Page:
Fair Labor Standards Act (FLSA)
The Fair Labor Standards Act (FLSA) is the law that probably covers your job situation. The FLSA sets the 40-hour workweek, minimum wage, overtime pay, recordkeeping, and youth employment standards. The FLSA covers all businesses in the United States with employees, except for a very few, very small businesses.
The FLSA states that certain employees are not included in the requirements for work-week, minimum wage and/or overtime laws. These are called “exempt” employees. All other employees are “non-exempt,” and are protected by the hour, wage, overtime and recordkeeping requirements of the FSLA.
The FLSA does not give you the right to vacation, holiday, severance, sick pay, meal or rest periods, holiday time off, vacations, pay raises or fringe benefits. It also does not require employers to give you extra pay for weekend or holiday work. The FLSA also does not give you any rights when it comes to getting fired from your job. However, New York State law does require meal and rest periods.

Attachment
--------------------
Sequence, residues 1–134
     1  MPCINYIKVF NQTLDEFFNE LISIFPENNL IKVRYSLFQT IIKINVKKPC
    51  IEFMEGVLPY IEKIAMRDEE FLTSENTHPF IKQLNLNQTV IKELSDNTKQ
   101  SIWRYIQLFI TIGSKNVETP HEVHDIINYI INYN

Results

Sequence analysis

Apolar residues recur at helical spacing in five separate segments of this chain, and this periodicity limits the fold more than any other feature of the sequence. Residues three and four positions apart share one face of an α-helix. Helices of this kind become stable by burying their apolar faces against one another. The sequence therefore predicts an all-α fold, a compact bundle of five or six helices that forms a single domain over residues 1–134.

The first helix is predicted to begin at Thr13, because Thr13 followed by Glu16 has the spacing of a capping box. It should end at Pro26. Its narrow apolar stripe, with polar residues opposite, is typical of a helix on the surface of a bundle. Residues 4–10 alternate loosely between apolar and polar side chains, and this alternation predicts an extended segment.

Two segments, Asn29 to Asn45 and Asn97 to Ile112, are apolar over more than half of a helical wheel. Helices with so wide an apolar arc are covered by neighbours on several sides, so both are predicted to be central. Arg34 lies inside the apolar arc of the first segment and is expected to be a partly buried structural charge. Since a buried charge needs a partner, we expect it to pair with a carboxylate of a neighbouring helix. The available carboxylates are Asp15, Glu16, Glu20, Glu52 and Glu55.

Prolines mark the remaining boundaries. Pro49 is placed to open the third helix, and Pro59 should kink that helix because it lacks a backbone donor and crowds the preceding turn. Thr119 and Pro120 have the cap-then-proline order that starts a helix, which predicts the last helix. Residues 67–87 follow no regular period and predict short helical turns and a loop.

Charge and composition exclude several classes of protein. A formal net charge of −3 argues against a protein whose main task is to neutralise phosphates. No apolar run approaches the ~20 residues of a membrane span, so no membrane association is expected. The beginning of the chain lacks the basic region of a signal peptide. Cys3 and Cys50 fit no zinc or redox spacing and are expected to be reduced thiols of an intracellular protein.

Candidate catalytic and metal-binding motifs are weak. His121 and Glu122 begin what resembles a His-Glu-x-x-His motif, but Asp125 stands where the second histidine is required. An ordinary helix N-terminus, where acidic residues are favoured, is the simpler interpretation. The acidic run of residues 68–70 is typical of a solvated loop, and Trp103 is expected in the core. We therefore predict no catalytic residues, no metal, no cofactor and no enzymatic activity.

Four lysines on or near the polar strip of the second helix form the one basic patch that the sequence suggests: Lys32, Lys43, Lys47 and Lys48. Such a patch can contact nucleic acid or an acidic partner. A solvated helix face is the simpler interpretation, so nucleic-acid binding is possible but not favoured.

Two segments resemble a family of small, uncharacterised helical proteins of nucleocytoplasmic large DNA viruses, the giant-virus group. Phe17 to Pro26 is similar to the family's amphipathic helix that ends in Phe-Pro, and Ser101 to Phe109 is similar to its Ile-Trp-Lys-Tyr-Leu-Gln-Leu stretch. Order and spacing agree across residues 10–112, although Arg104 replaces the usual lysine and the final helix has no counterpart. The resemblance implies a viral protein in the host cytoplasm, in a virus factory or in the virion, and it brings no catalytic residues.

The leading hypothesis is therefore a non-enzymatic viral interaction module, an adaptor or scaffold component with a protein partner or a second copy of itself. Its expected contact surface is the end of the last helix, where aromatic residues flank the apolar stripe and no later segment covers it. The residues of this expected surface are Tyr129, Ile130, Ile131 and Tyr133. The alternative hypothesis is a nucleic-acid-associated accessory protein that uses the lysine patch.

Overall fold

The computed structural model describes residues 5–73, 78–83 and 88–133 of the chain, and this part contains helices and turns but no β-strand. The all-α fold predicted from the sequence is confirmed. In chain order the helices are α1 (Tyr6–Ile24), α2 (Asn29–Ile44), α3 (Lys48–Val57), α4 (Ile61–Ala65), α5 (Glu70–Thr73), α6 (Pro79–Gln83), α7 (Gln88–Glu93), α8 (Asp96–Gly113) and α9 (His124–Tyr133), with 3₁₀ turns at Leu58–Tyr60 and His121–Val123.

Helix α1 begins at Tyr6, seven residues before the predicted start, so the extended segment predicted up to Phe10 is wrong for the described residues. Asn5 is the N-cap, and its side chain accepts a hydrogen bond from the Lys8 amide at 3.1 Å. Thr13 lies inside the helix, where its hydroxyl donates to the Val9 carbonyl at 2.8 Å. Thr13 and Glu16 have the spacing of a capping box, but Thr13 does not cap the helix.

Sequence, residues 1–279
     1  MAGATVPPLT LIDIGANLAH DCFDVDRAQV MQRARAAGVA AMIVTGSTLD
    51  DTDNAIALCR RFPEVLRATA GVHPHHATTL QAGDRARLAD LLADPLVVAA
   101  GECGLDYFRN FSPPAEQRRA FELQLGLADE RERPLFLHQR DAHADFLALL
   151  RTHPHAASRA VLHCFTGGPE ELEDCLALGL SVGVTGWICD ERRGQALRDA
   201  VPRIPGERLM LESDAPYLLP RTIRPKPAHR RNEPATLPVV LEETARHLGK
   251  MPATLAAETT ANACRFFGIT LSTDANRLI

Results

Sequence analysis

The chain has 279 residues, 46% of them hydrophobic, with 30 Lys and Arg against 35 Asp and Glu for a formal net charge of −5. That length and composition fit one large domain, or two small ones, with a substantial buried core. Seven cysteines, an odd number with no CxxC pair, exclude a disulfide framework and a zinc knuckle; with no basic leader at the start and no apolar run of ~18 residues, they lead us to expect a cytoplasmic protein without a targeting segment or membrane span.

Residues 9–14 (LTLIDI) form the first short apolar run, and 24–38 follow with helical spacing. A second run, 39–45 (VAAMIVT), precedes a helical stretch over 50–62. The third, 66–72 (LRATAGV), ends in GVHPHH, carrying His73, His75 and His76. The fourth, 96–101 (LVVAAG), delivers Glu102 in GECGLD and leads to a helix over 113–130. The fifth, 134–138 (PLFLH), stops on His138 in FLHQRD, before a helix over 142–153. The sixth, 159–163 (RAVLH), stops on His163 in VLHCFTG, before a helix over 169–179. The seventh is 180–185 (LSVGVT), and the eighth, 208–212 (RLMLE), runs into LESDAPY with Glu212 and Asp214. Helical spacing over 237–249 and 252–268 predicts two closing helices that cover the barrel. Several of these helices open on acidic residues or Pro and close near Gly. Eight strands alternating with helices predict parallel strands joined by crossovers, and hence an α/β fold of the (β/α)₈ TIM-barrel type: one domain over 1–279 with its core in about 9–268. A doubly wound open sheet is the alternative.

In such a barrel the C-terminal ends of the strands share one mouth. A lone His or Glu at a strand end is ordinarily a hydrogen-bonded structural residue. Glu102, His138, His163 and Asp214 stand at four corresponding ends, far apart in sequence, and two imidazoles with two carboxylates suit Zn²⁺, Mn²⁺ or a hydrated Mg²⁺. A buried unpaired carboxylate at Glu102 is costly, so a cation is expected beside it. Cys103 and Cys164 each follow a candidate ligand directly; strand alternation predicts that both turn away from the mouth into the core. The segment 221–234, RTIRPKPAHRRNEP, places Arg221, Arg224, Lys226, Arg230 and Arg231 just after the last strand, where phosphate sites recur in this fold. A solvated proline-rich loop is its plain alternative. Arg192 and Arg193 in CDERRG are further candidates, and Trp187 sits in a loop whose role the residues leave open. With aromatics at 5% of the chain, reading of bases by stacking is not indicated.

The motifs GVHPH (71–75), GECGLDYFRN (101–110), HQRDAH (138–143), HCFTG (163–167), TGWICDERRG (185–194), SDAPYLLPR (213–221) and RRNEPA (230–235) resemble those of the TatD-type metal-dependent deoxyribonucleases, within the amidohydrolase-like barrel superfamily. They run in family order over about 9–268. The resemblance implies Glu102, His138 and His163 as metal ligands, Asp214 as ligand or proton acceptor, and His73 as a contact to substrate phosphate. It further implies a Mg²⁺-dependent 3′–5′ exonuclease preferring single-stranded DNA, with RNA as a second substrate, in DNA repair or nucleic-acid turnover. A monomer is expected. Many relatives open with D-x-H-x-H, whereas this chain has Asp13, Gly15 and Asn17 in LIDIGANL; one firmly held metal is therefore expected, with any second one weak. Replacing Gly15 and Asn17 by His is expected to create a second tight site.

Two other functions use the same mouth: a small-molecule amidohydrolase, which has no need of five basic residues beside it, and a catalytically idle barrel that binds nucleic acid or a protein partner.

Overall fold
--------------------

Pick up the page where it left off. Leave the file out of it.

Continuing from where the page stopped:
If your employer is violating wage/hour laws, you may be able to file a lawsuit for unpaid wages. You may also be able to file a claim with the New York State Department of Labor or the US Department of Labor.
Legal Editor: Steven Mitchell Sack, January 2015 (updated February, 2016)
Changes may occur in this area of law. The information provided is brought to you as a public service with the help and assistance of volunteer legal editors, and is intended to help you better understand the law in general. It is not intended to be legal advice regarding your particular problem or to substitute for the advice of a lawyer.